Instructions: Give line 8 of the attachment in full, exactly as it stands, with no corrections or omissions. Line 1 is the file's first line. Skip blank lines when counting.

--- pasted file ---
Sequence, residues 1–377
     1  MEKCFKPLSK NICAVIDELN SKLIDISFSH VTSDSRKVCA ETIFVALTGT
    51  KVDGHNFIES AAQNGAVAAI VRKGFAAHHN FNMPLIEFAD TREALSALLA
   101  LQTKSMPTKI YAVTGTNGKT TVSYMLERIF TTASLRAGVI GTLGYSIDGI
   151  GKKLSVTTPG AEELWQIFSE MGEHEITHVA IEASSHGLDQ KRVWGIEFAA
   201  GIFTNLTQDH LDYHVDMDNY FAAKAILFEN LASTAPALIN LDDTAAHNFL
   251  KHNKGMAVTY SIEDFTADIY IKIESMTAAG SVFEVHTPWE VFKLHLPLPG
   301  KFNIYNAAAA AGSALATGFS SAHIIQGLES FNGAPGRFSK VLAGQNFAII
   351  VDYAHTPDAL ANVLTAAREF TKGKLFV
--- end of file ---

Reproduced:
   301  KFNIYNAAAA AGSALATGFS SAHIIQGLES FNGAPGRFSK VLAGQNFAII